Increased Feedings May Decrease Your Cat’s Weight
While it may seem counter-intuitive, feeding overweight cats the same amount of food divided into more frequent and smaller portions can actually help them lose weight, according to a new study.
The cat study, published in the Journal of Animal Science, compiled the findings of Kelly Swanson, Ph.D., and his lab at the University of Illinois College of Agricultural, Consumer and Environmental Sciences. Swanson and fellow researchers disclosed that feeding the cats more often – along with giving them meals containing dietary water – made the cats more active, thus causing them to burn more calories and lose weight.
Swanson, leader of the study, proposed that, besides being good news for owners of obese cats, the study may have positive implications for certain feline diseases.
"I think veterinarians will be interested in this information because it gives them evidence to be able to recommend something to pet owners that could help with feline obesity and diabetes," said Swanson.
"When cats are allowed to feed [freely], it's difficult to prevent obesity," Swanson said. "It is important to identify the right diet. Many owners are accustomed to dumping a pile of food out for multiple cats, just once per day."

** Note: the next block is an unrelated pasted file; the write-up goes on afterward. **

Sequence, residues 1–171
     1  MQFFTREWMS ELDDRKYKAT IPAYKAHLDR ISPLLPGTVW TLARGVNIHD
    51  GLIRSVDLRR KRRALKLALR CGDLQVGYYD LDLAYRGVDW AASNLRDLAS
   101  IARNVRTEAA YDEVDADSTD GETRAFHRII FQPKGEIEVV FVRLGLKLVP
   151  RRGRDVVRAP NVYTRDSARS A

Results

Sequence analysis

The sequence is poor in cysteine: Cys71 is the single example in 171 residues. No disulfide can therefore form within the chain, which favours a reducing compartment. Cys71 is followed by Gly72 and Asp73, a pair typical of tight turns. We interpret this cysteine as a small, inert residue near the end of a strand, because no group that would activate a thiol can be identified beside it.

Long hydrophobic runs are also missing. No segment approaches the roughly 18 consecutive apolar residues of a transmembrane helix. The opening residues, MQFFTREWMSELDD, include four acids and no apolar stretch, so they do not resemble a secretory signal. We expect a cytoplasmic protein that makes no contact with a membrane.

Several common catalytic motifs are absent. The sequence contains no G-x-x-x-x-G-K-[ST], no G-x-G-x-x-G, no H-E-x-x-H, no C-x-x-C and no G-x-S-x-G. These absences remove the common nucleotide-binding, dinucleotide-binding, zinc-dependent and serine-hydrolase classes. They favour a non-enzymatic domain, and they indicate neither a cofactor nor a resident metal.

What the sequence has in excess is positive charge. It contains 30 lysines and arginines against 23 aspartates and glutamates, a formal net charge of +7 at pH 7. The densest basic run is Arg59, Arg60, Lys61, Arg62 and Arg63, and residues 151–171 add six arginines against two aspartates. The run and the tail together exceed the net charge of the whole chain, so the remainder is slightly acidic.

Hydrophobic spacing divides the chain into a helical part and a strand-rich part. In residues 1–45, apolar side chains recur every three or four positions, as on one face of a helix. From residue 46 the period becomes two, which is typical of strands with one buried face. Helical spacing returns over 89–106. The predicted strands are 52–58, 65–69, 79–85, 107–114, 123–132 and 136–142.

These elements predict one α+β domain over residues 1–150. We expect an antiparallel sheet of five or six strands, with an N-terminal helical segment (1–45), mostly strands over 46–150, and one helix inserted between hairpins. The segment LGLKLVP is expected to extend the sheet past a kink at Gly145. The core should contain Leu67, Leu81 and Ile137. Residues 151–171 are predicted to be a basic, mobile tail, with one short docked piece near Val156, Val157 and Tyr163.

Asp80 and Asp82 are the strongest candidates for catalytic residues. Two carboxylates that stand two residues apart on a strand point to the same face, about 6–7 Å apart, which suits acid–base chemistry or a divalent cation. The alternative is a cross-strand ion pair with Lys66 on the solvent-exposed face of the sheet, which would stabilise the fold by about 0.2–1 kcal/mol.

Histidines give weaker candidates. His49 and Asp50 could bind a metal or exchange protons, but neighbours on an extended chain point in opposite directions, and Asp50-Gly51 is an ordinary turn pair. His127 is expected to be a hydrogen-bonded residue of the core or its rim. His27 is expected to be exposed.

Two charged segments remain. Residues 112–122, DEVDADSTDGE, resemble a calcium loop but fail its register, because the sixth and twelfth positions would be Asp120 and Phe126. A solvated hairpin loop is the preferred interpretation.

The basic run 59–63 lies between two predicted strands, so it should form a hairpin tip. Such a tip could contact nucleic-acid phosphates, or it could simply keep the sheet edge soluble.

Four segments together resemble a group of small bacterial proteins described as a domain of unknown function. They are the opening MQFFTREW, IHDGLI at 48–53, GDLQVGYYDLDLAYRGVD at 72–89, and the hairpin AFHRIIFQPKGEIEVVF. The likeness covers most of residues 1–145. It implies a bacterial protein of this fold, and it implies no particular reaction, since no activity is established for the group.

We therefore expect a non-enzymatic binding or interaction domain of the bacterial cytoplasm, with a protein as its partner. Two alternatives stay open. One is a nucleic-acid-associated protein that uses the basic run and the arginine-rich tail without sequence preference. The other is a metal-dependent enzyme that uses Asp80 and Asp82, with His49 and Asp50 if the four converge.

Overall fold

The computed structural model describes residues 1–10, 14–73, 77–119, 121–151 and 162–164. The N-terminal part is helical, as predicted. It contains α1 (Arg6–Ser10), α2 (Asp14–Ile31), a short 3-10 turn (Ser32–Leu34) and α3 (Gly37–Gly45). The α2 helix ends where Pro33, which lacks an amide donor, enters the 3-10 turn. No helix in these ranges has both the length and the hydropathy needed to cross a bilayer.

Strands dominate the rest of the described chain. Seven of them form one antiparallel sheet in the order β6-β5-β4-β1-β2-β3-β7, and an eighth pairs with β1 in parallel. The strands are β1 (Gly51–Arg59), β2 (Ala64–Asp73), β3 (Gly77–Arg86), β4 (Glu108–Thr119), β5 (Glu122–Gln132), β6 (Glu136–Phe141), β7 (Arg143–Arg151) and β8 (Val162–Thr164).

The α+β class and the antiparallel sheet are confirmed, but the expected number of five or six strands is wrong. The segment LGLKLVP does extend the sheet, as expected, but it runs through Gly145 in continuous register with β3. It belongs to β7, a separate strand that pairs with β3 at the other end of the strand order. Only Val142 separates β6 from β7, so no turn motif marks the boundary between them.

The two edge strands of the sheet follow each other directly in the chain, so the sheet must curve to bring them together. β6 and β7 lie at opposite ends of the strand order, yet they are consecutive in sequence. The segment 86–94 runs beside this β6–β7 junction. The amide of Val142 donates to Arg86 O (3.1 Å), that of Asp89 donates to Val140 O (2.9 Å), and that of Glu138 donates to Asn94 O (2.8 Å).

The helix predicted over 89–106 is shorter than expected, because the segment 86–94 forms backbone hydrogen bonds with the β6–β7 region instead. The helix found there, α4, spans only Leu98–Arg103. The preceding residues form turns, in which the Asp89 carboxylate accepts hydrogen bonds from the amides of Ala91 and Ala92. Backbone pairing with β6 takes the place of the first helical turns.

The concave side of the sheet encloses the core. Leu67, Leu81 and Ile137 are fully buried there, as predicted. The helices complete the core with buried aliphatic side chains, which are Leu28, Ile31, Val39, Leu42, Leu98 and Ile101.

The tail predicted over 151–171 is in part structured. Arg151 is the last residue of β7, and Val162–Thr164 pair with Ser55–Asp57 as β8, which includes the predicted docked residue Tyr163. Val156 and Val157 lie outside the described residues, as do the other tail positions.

Potential problem identified A 2011 study from the Association for Pet Obesity Prevention revealed that most cats and dogs have a weight problem: Some 53 percent of cats and more than 55 percent of dogs were deemed overweight by the researchers – a serious concern.
Here's the breakdown of that 53 percent: Of the 133 adult cats examined by veterinarians, almost one-third were considered overweight and nearly 22 percent clinically obese. This means that there are nearly 50 million overweight cats in the U.S.
"We're seeing a greater percentage of obese pets than ever before," said Ernie Ward, founder of the association.
Obese, in the definition used by the study researchers, means weighing 30 percent more than the norm. Ward noted that obesity in cats can cause the same problems that it does in humans.
"This is troubling because it means more pets will be affected by weight-related diseases such as arthritis, diabetes, high blood pressure and kidney disease," stated Ward.
Pet owners can help The University of Illinois study pointed to a helpful conclusion: According to Swanson, it's up to pet owners to make sure their cats keep fit.
"It all comes down to energy in and energy out," he said. "If they know they are going to get fed, that's when they are really active, if they can anticipate it."
This post is provided by the pet experts at Hartz.